The lingerie giant, which is owned by L Brands Inc., began selling swimwear online in early 2019 after a three-year vacation from the category. Now, swimsuits from the brand’s heritage collection, along with new styles and extended size offerings (up to 38 DDD and XL in some pieces), will be available in select stores.
Brands such as Ayra Swim, Baobab, For Love & Lemons, Monica Hansen Beachwear, Roxy, Skinny Dippers and Vitamin A Swimwear can also be found on the company’s website. In addition, the 2021 Swim “Magalog” will be available after March 1.
Victoria’s Secret ended its swimwear business, along with the popular catalogue, back in 2016 in an attempt to focus on its core lingerie division. But the move ended up costing the innerwear brand roughly $525 million in annual sales.
Meanwhile, top-line revenues throughout the entire business were dwindling as consumer preferences shifted to less sexy, more comfort-focused intimates brands. At the same time, Victoria’s Secret remained embedded in scandal, first with L Brands’ former chief marketing officer Ed Razek — and mastermind behind the Victoria’s Secret Fashion Show — for making derogatory comments on plus-size and transsexual models, and then with L Brands founder Leslie H. Wexner’s ties to registered sex offender Jeffery Epstein. The company was also slow to close its unprofitable stores, draining Victoria’s Secret of even more resources.
But the innerwear brand has been in recovery mode for the last 18 months. L Brands, which also owns the Bath & Body Works brand, unveiled plans to sell the Victoria’s Secret business — including the Lingerie, Beauty and Pink divisions — in February 2020 for $525 million to private equity firm Sycamore Partners.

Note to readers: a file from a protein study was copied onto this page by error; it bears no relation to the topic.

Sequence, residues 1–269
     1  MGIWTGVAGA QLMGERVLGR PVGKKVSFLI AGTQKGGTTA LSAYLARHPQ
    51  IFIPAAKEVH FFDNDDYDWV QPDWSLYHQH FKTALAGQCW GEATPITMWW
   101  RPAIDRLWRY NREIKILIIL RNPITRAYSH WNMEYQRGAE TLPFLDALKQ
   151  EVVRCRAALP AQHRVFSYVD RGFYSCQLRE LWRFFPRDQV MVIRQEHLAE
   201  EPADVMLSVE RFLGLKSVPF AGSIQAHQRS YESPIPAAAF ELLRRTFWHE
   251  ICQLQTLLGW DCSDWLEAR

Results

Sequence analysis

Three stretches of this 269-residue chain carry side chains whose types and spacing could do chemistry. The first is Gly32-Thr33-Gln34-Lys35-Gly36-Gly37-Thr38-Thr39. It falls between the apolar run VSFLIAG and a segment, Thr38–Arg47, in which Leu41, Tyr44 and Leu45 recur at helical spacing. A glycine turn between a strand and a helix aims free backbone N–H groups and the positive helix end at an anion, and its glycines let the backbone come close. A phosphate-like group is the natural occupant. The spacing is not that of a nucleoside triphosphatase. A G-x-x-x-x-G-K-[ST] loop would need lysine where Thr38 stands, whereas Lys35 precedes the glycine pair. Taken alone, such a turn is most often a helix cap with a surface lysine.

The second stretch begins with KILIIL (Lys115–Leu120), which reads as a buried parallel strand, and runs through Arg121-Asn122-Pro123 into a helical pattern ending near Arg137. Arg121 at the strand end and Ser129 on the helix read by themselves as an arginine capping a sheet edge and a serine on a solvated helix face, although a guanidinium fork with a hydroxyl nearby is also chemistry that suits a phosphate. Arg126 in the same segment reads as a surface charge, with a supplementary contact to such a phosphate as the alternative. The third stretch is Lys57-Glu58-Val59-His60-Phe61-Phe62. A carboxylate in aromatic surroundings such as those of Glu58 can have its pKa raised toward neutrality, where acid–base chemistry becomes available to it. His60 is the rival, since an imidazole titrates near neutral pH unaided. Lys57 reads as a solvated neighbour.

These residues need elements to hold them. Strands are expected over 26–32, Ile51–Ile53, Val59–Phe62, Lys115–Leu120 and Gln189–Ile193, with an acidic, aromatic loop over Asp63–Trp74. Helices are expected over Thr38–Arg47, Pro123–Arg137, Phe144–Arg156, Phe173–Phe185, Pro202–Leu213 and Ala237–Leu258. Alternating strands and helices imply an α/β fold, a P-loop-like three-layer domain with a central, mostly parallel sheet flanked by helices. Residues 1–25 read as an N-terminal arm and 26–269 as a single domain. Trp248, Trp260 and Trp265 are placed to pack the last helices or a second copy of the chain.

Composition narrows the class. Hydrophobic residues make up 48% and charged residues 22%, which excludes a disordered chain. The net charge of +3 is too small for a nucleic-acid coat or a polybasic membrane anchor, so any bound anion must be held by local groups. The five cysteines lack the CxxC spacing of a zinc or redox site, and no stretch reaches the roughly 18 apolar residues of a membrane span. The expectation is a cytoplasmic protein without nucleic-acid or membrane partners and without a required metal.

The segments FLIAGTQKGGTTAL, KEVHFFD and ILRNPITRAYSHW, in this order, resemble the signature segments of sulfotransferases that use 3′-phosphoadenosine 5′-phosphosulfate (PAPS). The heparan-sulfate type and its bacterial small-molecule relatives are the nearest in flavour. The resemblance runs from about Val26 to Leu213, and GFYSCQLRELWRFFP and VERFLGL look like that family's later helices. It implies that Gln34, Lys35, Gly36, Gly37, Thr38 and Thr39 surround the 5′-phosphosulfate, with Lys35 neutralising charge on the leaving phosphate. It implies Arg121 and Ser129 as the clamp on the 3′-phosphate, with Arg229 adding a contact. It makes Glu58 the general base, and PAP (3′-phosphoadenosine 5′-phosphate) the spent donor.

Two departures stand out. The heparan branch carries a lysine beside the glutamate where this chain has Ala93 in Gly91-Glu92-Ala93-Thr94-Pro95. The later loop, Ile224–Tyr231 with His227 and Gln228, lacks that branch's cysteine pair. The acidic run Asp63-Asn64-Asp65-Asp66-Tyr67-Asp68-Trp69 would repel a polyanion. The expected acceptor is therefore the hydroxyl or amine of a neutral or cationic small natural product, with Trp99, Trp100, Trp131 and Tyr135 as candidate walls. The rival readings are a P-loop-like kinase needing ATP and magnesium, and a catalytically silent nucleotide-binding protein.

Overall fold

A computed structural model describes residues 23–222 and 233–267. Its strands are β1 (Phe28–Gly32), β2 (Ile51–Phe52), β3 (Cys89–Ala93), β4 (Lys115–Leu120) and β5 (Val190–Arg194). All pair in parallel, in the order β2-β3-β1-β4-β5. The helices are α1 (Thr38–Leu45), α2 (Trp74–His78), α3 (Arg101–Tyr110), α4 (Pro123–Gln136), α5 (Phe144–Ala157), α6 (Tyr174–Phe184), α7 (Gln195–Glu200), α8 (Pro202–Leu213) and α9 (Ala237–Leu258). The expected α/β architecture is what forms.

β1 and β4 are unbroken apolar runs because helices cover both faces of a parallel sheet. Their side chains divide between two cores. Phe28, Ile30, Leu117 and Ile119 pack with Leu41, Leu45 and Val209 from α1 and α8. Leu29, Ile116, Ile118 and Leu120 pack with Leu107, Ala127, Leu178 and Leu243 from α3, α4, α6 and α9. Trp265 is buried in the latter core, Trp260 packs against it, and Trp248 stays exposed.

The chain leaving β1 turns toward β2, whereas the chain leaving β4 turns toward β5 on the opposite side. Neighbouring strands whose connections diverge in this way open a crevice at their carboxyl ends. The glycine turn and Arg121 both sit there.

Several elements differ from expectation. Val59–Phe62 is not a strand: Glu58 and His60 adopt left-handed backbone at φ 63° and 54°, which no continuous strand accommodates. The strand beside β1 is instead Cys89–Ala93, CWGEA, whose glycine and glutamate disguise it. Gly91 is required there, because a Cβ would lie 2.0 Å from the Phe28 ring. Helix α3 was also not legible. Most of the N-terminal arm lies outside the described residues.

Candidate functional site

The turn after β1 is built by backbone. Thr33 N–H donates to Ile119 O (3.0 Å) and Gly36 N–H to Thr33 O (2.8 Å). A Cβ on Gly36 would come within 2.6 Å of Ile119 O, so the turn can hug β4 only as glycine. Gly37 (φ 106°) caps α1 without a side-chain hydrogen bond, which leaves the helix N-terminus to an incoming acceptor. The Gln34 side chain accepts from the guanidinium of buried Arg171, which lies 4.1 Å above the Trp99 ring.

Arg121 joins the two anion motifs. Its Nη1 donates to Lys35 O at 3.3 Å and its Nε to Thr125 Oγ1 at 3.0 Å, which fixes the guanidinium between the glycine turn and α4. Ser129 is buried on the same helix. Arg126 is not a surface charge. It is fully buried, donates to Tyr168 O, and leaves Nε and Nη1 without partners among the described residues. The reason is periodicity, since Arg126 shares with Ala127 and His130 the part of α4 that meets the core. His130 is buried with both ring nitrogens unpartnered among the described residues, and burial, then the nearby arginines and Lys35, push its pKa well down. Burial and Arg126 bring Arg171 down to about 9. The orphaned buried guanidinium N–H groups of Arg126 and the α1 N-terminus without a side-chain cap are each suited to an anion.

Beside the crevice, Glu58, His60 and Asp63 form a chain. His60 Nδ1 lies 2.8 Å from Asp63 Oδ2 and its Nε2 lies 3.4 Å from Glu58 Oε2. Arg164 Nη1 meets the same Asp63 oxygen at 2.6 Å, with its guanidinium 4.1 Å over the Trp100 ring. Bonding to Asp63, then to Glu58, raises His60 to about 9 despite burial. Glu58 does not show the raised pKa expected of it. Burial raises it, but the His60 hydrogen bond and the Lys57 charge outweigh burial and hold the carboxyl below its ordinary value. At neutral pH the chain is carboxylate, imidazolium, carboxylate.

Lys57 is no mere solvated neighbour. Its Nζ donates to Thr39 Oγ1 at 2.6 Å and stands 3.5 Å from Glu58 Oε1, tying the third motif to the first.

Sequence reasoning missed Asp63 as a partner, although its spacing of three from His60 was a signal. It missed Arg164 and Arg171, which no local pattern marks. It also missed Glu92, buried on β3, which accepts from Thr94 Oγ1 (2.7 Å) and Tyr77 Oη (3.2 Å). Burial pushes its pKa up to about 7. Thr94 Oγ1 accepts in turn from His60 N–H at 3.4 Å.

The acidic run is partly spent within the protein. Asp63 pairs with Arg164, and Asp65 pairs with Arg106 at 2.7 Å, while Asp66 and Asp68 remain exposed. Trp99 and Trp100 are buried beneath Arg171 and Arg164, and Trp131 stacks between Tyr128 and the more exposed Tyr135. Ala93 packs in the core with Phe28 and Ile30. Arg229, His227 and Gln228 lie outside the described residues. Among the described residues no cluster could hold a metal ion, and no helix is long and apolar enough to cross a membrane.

The deal fell through amid the pandemic, however. Three months later, the company said it would take Victoria’s Secret private, unlocking value in the lucrative Bath & Body Works brand as it stands alone on the public market.
Victoria’s Secret has also added a string of senior-level hires over the last few months to help turn the business around and has updated the assortment and marketing materials. It has also sold a majority stake of the Victoria’s Secret U.K. business to Next plc and closed hundreds of unprofitable stores to make way for more lucrative markets, such as Milan and Israel.
“All options, including a spin-off of the Victoria’s Secret business into a public company or a private sale of the business, are being evaluated,” the company said earlier this month.
Shares of L Brands, which closed up 4.24 percent to $49.22 a piece Tuesday, have risen more than 104 percent in the last year.
“The Victoria’s Secret division (58 percent of sales, pre-COVID-19) has been in persistent decline, donating [market] share with eroding margins over the last [roughly] 4 years. However, while COVID-19 creates some challenges in evaluating underlying fundamentals, the division appears to have found a bottom, with sales declines and margin compression moderating,” Janine Stichter, equity analyst at Jefferies, wrote in a note. “Most notably, improved inventory control is allowing for a reduced promotional posture, while expense reductions and store closures are driving significant reductions to the fixed cost base. Changes to marketing and merchandising appear to be having a modest impact, although we still see a long road ahead for the brand.”
The company will report quarterly earnings on Feb. 24 after the market closes.